|Publication number||US5037344 A|
|Application number||US 07/544,700|
|Publication date||Aug 6, 1991|
|Filing date||Jun 27, 1990|
|Priority date||Jun 27, 1990|
|Publication number||07544700, 544700, US 5037344 A, US 5037344A, US-A-5037344, US5037344 A, US5037344A|
|Inventors||Pat R. Secrist|
|Original Assignee||Secrist Pat R|
|Export Citation||BiBTeX, EndNote, RefMan|
|Patent Citations (8), Referenced by (9), Classifications (4), Legal Events (6)|
|External Links: USPTO, USPTO Assignment, Espacenet|
The present invention relates to artificial eyes and, more particularly, to a plastic artificial doll eye.
In certain types of dolls, for example, dolls that are purchased by doll collectors, it is highly desirable for the doll eye to have the appearance of a human eye. As the dolls become more realistic in their appearance their value goes up.
Hitherto, doll eyes having the most realistic appearance have been produced by blown glass. Such doll eyes are expensive and sometimes hard to obtain.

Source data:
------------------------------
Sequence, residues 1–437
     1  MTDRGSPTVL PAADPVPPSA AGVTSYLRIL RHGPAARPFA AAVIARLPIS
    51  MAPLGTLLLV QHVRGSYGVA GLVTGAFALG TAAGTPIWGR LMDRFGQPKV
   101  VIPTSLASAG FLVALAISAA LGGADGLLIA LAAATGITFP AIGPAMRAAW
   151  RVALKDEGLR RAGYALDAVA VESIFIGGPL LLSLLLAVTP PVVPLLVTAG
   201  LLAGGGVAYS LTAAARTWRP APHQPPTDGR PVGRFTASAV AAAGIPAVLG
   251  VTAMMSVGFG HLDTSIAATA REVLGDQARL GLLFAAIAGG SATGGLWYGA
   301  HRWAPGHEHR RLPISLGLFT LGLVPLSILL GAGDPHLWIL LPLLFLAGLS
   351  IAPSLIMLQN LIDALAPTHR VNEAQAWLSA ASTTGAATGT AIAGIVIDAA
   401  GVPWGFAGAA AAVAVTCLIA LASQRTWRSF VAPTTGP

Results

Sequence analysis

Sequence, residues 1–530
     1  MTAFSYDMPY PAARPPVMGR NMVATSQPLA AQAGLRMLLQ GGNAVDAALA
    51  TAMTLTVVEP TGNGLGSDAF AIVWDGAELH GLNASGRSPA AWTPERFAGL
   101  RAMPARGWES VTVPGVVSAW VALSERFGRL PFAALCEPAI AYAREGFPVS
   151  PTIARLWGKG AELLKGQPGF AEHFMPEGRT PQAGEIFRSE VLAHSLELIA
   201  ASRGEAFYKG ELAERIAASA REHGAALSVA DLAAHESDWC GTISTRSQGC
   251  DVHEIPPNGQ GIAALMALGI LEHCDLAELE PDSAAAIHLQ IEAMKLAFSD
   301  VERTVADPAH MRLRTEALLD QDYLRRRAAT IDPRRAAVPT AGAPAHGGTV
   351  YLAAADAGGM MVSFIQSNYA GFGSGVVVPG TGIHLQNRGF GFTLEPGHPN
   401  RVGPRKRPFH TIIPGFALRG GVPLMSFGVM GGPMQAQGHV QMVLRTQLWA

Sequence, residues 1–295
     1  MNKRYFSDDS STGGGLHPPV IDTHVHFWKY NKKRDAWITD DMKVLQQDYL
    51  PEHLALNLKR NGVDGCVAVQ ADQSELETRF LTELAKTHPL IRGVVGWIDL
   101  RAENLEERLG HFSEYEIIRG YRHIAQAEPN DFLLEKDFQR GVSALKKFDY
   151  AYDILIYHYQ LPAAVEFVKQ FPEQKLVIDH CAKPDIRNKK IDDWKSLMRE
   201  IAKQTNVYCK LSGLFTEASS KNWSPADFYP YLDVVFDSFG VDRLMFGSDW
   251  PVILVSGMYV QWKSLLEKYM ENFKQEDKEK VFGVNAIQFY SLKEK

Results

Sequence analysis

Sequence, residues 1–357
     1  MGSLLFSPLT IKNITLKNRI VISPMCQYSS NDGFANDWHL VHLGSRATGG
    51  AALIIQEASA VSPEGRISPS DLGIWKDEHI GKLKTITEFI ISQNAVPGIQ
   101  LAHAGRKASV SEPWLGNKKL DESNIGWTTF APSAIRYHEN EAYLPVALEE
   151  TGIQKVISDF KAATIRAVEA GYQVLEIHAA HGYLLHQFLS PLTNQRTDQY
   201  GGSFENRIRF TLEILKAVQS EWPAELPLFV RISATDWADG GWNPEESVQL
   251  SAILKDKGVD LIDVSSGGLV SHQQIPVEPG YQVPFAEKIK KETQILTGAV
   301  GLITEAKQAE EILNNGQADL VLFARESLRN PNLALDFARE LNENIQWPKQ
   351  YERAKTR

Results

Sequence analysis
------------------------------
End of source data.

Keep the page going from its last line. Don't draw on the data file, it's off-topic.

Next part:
Murch, in U.S. Pat. No. 4,393,619, proposed to solve this problem by providing a doll eye constructed of a thermal setting clay coating, e.g., porcelain.
The present invention provides an artificial eye with a realistic pupil opening allowing light to travel into the eye through the lens (cornea) some distance into a solid, transparent light shaft in the center of the lens and pupil giving an impression of a real human eye. An "iris" comprising two parts is simulated by (1) a relatively thin, wafer-like colored material, e.g., paper, a paper pulp product, metallic foil, plastics material or decal such as a thin plastics film having a colored surface and (2) by the configuring or texturing of the back (inner) side of the cornea with the light shaft in the center. The "iris" can be textured or configured to resemble the physical relief features of a real human eye and serves to augment the impression of realism.
The invention will be further understood by reference to the accompanying drawings wherein:
FIG. 1 represents a cross-section of a doll eye made of a clear plastics material;
FIG. 2 is a cross-section of another embodiment of a doll eye of this invention, and
FIG. 3 is a cross-section exploded view of still another embodiment of the doll eye of this invention.